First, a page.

At the last Impressionist show in Paris (1886) Edgar Degas exhibited his pastel drawings. He called them ‘A Series of Nudes of Women That Bathe, Dry Themselves, Comb Their Hair or Have It Combed.’
The public was shocked. One critic spoke of “misogyny cruelly aimed at the female body.” Another saw a “particular accent of hate and disdain.” The women looked like animals preening themselves. Where was feminine beauty? Where was feminine dignity? Did M. Degas find his shameless models at a brothel?
“No,” answered Degas, “my women are simple people, honest ones, who do nothing more than care for their bodies.”
They were poses and attitudes a woman assumes during her toilette, and they seemed to be caught without her knowing it—“as if seen through a keyhole,” Degas said.
He didn’t look through a keyhole to draw them, however. He brought to his atelier armchairs, washing basins, and bathtubs and made his models pose again and again following his precise orders while he made his notes. The poses may seem to be the hurried catching of a moment, like a camera snap-shot, but that is not the way they were drawn.
The Impressionists were famous for taking their paints and easel outdoors to try to catch a single moment of daylight. Degas didn’t go outdoors. He made fun of Renoir and Monet for doing that. He believed “catching the moment” was the false look the finished picture gave, not the working method. To get that look he made dozens of sketches, copying from models and then from memory. And he thought and thought about his picture. “What I do is the fruit of reflexion and study,” he said. “I don’t know anything about inspiration, spontaneity, and temperament.”
He had been experimenting with a look of stopped motion for years, originally in his paintings of dancers. From photography, which was new in his time, he learned the effectiveness of an unusual viewpoint. The caught moment is twice so if the viewer seems to be caught too—that is, if a figure in her thoughtless or unself-conscious pose is shown from an angle or distance that the accidental viewer or the voyeur might take. He opens the door and finds the woman just this way, in a corner of the room perhaps, or below him on the bed, at the moment she is combing her hair or drying herself after her bath and before she looks up and sees him.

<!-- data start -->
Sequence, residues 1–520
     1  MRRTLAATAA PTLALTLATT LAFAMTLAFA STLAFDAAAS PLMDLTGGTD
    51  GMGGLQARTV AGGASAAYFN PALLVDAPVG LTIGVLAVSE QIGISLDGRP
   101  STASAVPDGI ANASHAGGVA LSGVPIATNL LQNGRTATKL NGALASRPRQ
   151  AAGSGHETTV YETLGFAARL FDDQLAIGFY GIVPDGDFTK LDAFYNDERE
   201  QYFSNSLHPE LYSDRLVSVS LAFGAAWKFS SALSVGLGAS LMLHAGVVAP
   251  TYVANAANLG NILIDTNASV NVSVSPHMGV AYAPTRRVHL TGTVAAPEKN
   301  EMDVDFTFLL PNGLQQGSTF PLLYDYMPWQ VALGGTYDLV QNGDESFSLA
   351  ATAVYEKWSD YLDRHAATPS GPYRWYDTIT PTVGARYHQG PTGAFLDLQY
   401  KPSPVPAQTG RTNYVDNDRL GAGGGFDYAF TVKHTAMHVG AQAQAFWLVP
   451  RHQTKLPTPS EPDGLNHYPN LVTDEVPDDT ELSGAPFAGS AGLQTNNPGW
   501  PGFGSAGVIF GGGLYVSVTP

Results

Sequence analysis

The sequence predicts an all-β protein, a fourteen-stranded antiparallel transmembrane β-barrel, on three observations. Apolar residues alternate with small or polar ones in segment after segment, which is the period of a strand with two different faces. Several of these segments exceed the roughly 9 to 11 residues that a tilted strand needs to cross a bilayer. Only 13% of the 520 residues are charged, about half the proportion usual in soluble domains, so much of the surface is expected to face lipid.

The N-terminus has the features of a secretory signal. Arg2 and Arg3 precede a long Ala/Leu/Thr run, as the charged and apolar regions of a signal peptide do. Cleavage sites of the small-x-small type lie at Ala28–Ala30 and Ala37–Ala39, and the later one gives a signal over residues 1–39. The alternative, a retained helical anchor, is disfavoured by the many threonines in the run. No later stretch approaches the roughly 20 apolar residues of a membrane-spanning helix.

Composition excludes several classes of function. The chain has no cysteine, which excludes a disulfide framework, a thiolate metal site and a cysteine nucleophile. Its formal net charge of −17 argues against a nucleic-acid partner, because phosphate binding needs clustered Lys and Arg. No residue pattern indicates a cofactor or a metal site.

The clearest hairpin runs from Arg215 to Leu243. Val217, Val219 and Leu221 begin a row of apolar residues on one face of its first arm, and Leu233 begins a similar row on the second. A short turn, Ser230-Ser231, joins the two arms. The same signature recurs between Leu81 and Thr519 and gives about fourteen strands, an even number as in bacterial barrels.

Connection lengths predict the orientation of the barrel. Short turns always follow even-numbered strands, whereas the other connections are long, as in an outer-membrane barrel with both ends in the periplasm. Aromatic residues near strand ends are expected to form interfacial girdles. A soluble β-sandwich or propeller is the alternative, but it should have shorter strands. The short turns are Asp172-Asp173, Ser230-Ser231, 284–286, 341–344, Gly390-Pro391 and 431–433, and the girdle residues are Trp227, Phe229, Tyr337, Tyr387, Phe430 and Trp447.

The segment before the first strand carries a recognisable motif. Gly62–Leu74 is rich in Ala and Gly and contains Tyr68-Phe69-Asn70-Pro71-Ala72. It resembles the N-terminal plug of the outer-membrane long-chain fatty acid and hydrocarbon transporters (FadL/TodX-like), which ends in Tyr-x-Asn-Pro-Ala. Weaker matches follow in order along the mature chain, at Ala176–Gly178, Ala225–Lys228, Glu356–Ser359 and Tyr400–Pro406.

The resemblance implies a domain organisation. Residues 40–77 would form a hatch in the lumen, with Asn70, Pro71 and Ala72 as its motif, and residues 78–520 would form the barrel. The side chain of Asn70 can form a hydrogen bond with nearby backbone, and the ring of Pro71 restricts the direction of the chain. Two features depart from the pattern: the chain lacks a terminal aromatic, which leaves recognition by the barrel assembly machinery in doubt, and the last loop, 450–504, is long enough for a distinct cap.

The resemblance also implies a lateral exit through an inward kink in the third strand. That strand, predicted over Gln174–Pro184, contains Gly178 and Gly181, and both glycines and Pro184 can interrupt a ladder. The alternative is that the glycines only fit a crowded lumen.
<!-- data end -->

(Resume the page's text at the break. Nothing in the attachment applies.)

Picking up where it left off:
Woman Washing Herself in a Tub Paris, Louvre (public domain photo)
One of the results of this innovation of Degas’ is that the women seem cold. They might as well be animals—there is no sweetness, no heart to them. Some women who saw the drawings at the Impressionist exhibition declared them “obscene”. “On the contrary,” wrote a critic of the time, “if ever there were works that were not obscene; if ever there were works without second intentions and without malice, works decidedly chaste, they are precisely these. They even glorify a disdain for the flesh as no artist has dared to do it since the Middle Ages.” J. K. Huysmans, 1889
Are they ugly then? Not at all. In their treatment of the feminine body they gain in truth what they lose in idealization. And the supposedly despised flesh becomes a radiant tapestry of color and life. A beautiful light shines on them and on the room, the carpets and the cloth-covered walls, the copper wash basins and the pearl-handled combs. They all seem to glow with color.
Le Tub Farmington, Hill-Stead Museum (public domain photo)
There is one more trick to Degas’ look of spontaneity and immediacy: his pastel drawing itself, almost every stroke of which can be seen and admired. It seems easy to imagine how the picture was constructed, stroke by stroke, and the figure assembled with colors, like the image of a kaleidoscope. It comes into view suddenly, lasts while we look; and with a turn of the cylinder it will be gone, its parts dispersed: it was only the image of a moment.
Woman Drying her Neck Louvre, Paris (public domain photo)